Thinly veiled threats from Duke Energy over discovery of radioactive elements in groundwater

The unmitigated arrogance is breathtaking:

Duke Energgy spokeswoman Erin Culbert took issue with a recent press release from the Waterkeeper Alliance pointing out the high radium levels. She accused the “critic groups” of “drawing conclusions at this early stage to simply use this milestone to advance their agenda.”

“They seek to sign up North Carolinians for the most extreme, most disruptive and most expensive way to close basins, Culbert continued. “That’s not prudent for the environment, communities or families’ energy bills.”

Bolding mine. In a nutshell, she's trying to shift the blame for future higher energy bills from the party responsible for contaminating the water (Duke Energy) onto the shoulders of those who are working diligently to keep people safe from such irresponsible behavior. It doesn't get much more sleazy than that. It's like blaming the person who called 911 about a neighbor's house being on fire. And make no mistake, this particular house fire is out of control:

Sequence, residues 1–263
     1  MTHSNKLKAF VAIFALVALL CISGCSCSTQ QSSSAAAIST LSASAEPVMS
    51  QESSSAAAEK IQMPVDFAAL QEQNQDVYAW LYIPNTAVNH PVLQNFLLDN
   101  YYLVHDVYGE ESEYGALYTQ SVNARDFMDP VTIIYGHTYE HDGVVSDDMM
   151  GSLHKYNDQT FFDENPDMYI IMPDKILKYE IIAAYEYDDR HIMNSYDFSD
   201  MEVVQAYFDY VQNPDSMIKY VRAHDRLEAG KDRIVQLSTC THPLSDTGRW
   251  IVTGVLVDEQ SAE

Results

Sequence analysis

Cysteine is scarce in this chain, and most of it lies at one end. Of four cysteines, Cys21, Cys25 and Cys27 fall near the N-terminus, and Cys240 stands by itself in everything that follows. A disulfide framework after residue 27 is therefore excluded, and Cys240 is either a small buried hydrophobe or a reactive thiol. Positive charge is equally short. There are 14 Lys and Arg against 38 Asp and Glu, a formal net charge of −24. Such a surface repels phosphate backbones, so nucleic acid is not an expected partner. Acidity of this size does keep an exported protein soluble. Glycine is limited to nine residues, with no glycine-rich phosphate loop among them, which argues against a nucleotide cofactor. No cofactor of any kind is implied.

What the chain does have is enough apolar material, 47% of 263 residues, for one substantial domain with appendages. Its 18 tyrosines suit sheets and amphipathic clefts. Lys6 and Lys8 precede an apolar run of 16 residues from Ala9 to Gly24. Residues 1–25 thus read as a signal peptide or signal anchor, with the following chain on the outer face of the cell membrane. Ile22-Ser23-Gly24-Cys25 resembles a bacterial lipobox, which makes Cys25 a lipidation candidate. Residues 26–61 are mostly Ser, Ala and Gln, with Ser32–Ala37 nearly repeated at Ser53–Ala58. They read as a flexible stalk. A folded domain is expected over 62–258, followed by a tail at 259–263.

Asshat of the Week: Kelly Hastings

Apparently there wasn't enough hate circulating around, so it's time for a rerun:

As many will remember, in the General Assembly of North Carolina, we had to nullify a Charlotte ordinance that would have allowed, for example, men claiming to be women to indecently expose themselves in front of little girls in public showers and changing facilities. The ordinance basically forced these policies on businesses too. To ensure peace of mind and privacy, we passed the Public Facilities Privacy and Security Act (HB2).

Since you brought it up, let's take a look at what else this pile 'o crap legislation did: It blocked municipalities from setting new minimum wage standards, which sure as hell didn't help those little girls you seem to be worried about. And speaking of those little girls, this legislation also blocked municipalities from refining child labor laws within their jurisdictions. So apparently it's okay for those little girls to be exploited economically, but not okay in some imaginary scenario where (for some reason) a transgender woman and a little girl would hop into a shower together. Oh, and we can't forget the part of HB2 that took away a worker's ability to sue his or her employer for discriminatory treatment. That was a real jewel. So take your dog-whistle bigotry and stick it where the sun don't shine, pal.

Elon Poll: Supermajority of teachers oppose arming themselves in classroom

This bonehead idea just got a failing grade: